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by Franziska Fenger, staff writer

“I didn’t even know that an international center existed!” (Sandra Vajcs, 27).
Fries is a freshman, Ryczak and Hoetschel are here for one semester, and Vajcs is pursuing an M.B.A. They are talking about Elfi Stephenson, the director of HPU’s International Center since January 2005, the woman responsible for so many German students attending HPU, and now an invaluable help to all HPU international students.

Stephenson first experienced U.S. higher education at the University of Alabama, and those first eight months laid the foundation for her career in international services. In Alabama, she experienced the downside of the international student program.

“ They had no understanding for international students,” Stephenson explained, “because they were not used to them.” She was the only foreign student at the university, and it just didn’t know how to deal with her. There was no understanding for foreign cultures or ideas, no feeling for different opinions and views,” she remembered.

Her experience made her want to do it better – and she does, according to many of HPU’s international students.

Stephenson completed her bachelor’s degree at University of Hawai‘i at Manoa in 1997 and got a job at HPU in the Office of International Recruitment (now the International Center). She became fascinated by HPU’s multicultural character, took night classes to get her M.B.A., and got involved in enrolling European students, especially Germans.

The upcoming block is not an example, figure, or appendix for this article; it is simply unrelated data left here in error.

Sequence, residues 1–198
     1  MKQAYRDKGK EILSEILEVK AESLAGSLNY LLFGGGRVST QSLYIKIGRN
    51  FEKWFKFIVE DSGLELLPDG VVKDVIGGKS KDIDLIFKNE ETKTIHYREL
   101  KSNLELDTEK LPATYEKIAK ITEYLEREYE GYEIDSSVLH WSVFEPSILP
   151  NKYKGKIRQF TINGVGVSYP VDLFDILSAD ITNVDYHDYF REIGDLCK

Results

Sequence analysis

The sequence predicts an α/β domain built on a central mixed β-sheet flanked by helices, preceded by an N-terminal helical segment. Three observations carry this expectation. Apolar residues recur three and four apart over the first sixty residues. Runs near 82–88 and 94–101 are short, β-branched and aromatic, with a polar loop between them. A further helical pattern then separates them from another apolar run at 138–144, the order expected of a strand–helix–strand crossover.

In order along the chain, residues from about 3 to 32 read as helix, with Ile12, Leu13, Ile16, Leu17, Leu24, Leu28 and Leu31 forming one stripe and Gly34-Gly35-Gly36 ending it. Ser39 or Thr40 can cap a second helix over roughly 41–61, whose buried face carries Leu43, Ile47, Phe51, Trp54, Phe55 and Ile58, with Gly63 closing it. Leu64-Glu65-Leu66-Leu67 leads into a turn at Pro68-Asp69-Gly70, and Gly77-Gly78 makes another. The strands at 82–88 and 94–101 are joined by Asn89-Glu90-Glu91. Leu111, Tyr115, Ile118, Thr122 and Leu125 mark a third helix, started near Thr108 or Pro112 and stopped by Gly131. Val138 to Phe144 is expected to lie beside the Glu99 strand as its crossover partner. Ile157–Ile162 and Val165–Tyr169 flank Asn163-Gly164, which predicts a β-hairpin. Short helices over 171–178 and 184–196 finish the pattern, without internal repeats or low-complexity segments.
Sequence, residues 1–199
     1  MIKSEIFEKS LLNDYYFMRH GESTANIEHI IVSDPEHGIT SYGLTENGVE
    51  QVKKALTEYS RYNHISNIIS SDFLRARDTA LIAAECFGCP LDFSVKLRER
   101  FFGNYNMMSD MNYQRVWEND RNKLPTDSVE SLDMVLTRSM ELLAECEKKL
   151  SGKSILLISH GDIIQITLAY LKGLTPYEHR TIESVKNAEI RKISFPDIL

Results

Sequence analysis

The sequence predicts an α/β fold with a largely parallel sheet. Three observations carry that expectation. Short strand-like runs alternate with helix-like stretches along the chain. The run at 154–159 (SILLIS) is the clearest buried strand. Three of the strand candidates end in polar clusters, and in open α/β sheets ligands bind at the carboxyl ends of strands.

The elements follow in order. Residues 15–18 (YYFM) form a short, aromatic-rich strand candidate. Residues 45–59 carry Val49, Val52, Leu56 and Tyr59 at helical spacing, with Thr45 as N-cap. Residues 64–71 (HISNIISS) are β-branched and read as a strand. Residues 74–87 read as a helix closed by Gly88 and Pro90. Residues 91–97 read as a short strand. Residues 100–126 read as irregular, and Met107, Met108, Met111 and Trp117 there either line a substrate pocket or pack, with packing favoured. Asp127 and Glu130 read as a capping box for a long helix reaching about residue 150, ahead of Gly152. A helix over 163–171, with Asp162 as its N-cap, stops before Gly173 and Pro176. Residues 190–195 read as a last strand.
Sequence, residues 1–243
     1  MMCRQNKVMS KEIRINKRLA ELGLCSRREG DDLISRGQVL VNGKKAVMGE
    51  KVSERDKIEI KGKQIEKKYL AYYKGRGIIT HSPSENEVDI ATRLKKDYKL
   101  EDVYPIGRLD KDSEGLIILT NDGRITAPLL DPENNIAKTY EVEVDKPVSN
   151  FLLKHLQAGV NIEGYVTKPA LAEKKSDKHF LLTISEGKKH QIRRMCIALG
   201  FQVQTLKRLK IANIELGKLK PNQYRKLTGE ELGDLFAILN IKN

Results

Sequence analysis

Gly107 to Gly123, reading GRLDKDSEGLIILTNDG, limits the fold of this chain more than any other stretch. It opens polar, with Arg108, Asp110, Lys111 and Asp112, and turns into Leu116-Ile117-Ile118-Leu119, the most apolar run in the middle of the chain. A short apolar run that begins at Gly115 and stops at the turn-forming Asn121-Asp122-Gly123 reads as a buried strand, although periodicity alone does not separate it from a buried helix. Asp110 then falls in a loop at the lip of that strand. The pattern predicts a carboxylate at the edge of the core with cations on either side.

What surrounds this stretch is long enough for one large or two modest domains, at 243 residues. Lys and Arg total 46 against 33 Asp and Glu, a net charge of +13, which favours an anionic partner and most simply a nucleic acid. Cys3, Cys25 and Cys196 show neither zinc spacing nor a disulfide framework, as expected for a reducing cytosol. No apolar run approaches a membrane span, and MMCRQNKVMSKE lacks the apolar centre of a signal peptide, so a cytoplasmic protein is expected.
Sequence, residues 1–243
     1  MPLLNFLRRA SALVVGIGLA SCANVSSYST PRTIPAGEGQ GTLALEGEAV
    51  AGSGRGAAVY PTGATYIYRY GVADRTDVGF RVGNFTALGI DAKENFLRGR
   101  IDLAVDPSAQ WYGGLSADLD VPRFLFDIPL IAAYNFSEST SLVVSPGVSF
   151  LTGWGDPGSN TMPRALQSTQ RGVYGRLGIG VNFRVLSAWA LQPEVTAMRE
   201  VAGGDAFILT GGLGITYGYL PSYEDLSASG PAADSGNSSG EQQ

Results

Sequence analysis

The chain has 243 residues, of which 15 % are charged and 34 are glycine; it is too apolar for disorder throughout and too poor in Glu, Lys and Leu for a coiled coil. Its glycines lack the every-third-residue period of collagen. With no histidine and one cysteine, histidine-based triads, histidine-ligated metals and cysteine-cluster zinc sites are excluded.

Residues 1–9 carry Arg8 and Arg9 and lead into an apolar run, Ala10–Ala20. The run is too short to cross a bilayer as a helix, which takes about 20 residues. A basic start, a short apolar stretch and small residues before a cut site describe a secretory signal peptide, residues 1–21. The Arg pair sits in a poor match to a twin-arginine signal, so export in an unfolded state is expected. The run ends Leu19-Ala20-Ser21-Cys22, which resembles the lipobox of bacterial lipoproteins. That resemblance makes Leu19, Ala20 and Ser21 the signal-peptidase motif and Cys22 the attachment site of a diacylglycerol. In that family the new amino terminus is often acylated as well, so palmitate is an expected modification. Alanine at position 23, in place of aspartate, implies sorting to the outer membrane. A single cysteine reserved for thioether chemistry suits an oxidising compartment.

Over the last six years, she has created an efficient network across Germany to recruit students to HPU. From not knowing who to talk to, and not being particularly welcomed anywhere, she is today welcomed and well known in universities and colleges in most big cities, such as Munich and Frankfurt. These days, in fact, it is the universities who want her to come and give presentations about HPU. That is when Hoetschel met Stephenson for the first time and had his first impression of HPU.
Fries also went to one of these presentation and was immediately impressed by it. But, Stephenson says, it is mostly the former international students who recruit new students when they tell their friends and other students about HPU and their semester abroad.

In his first semester at FHW Berlin, Ryczak was listening to a presentation by students who had studied in foreign countries. There was one HPU student. Ryczak said he could already see himself surfing on Hawai‘i’s huge waves.

In the beginning, the students mainly came from southern Germany because that is where Stephenson used to live. Now, they come from all over what used to be West Germany. Stephenson has never been to the former East Germany, so, HPU has no cooperating universities there. Six years ago, Stephenson started out with 15 German students. This semester there are 59 German undergraduate students, but only about 19 of them stay here for more than one semester. These include four graduate students.

Today, being the head of the International Center makes Stephenson not only responsible for Germans but for all of the international students. She wants them “to take a chance on experiencing the different aspects of international student life on and off campus.”
 

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